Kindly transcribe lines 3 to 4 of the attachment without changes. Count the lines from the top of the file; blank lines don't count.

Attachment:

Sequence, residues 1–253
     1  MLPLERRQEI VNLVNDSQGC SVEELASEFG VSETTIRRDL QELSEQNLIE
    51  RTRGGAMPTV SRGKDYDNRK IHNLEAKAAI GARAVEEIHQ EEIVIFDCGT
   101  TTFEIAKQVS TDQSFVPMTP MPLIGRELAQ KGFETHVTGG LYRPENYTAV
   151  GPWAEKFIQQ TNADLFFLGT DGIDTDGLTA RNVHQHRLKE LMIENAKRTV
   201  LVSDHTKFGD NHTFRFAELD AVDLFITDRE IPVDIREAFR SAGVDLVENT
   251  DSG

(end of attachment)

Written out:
    51  RTRGGAMPTV SRGKDYDNRK IHNLEAKAAI GARAVEEIHQ EEIVIFDCGT
   101  TTFEIAKQVS TDQSFVPMTP MPLIGRELAQ KGFETHVTGG LYRPENYTAV